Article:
TIMELESS Requires More Time


Historical fiction is often defined as a story whose plot “takes place in a setting located in the past.” It’s a popular genre, as the allure of telling a story set in the past where history was being made and written is undeniable. William Shakespeare had his history plays, Mike Gabriel and Eric Goldberg directed Pocahontas, Wu Cheng’en wrote Journey to the West, and Lin-Manuel Miranda wrote HAMILTON. The list goes on and on, and adding to that list is A TIMELESS PRINCESS, written and produced by Denny Miyasato, with direction by Michael Ng. An original musical and a world premiere, it is running at Mamiya Theatre through July 21.

A TIMELESS PRINCESS takes place during the years of 2011 and 1893-1897. The production begins in 1893, where the Crown Princess Kaʻiulani (Ciana Pelekai), is being groomed by her lady-in-waiting Olivia (Cathy Foy). Kaʻiulani excitedly tells Olivia about a soldier she met that afternoon, and Olivia is trying to get her ready for a portrait. Olivia then lets her wear a royal pendant surrounded by rubies, an heirloom passed down in the family through the years. She tells her the pendant, which came from her ancestors, will protect her from harm and that whoever sets their eyes on it will be mesmerized and be obsessed with holding it. She is told to return it when she is done using it. As the photographer gets ready to take his shot, Kaʻiulani yells out, “James!”

We cut to the year 2011, a U.S. Marines Sergeant, James Landsfield (Jeremiah Ulufanua) is taking a tour with one of his company mates at 'Iolani Palace. There, amidst protests by kānaka maoli (native Hawaiians) against gentrification, over-development, and getting priced out of the housing market, Landsfield finds the portrait of Princess Kaʻiulani from the beginning. Entranced by either the beauty of the princess or the royal pendant she was wearing, Landsfield lingers on the portrait until he is caught by a janitor, Kimo K. (Matthew Pedersen). The janitor is actually a minor deity, and he explains that the royal pendant was only seen in this portrait, and never accounted for ever again. Kimo deduces Landsfield would love to meet Kaʻiulani, and thus arranges a deal: he will send Landsfield back in time to meet Kaʻiulani, and in return he only has to bring the pendant back home with him. There is a special time travel potion he concocted (it took two lifetimes to create), and when he drinks the first half, he will be transported back to 1893. When he drinks the other half, he will come back to 2011. He is told to blend in, play the part of a Marine from 1893, and above all Landsfield is not to kiss the Princess under any circumstances. Thus, with a quick costume change and a swig of the time potion, Landsfield ends up in 1893.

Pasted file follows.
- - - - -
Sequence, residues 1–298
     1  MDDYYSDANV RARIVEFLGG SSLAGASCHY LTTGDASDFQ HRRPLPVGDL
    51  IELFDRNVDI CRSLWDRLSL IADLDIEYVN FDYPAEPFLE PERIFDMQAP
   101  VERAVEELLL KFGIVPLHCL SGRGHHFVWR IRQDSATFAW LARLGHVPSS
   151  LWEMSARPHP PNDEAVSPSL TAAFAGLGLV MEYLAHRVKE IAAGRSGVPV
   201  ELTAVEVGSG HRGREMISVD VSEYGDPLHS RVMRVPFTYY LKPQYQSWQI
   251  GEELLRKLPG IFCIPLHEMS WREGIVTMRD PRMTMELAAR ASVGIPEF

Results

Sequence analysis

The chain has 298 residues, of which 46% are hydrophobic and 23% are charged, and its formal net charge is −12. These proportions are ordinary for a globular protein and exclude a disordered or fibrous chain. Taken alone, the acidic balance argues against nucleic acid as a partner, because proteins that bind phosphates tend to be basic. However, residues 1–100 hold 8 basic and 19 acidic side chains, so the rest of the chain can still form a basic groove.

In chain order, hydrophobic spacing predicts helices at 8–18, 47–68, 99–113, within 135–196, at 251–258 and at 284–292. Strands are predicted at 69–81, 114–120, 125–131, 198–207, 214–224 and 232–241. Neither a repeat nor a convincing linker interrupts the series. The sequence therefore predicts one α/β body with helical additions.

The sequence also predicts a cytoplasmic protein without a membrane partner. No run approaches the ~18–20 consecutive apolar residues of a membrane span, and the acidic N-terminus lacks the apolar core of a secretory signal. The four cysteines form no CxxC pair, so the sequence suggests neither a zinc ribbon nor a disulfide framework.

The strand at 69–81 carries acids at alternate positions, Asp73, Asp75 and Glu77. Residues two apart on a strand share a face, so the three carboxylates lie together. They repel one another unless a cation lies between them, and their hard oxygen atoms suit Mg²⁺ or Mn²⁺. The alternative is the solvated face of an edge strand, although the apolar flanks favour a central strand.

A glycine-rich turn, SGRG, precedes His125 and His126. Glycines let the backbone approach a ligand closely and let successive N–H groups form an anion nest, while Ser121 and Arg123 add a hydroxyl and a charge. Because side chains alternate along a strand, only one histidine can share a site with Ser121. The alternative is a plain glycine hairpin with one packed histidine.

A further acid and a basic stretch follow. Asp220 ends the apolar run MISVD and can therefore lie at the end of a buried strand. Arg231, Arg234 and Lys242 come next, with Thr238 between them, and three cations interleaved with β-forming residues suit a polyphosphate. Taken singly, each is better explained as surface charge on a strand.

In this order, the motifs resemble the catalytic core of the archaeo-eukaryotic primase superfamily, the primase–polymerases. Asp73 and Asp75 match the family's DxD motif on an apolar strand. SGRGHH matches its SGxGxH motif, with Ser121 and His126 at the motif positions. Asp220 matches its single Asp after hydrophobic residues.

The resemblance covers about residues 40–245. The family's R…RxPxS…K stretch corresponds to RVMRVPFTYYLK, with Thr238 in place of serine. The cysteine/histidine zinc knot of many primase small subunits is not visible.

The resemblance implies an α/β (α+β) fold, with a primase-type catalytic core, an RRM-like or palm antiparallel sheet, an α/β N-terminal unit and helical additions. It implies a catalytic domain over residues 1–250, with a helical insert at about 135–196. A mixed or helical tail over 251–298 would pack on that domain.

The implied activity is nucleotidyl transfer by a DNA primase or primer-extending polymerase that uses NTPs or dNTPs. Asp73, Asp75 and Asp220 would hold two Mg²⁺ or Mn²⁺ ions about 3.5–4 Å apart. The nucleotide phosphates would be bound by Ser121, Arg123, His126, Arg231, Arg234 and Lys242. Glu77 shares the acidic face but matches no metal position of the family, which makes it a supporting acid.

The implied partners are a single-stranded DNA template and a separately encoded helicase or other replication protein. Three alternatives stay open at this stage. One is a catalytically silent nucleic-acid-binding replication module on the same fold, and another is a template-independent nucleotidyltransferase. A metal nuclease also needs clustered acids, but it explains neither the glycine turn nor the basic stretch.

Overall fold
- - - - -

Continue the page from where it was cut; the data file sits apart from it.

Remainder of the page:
1893- Queen Liliʻuokalani (Jade Stice) was recently overthrown, and Princess Kaʻiulani is returning from appealing to the government and press of the United States, especially President Grover Cleveland. There, she meets Landsfield, and both of their lives are changed forever.

A TIMELESS PRINCESS is a problematic production; at best, it is an overly sentimental script fraught with excessive clichés, and at worst it is a musical that is both revisionist and tone-deaf in its execution.

The script does not adhere to its own rules (why does kissing Kaʻiulani the first time send Landsfield back, but the next three are allowed to be taken at leisure before a metaphorical staircase?), has severe tonal issues (Kaʻiulani is robbed of her pendant at knife point in a ball, where no one bats an eye to stop the culprit, then to comfort a distraught and frightened Kaʻiulani Landsfield convinces her to dance with him instead of pursing the culprits, and the scheme to get the pendant back involves objectifying a Hawaiian woman and Scooby-Doo-esque “gotcha” antics), and treats the many plights of the Hawaiian people as something that can be saved by a pendant. After supposedly retrieving the pendant that started this production, it disappears from Landsfield’s pockets. Hand waving this disappearance, Kimo explains that Landsfield, a U.S. Marine, single-handedly changed history for Hawaiʻi for the better, and that the Hawaiian people are now at peace. What changed? Why were the Hawaiian people at peace because a pendan got saved? The implication is that through a U.S. soldier’s love and sacrifice, things are right, and is an appalling and unearned statement considering the script is painted against the backdrop of the overthrow of the Hawaiian Kingdom.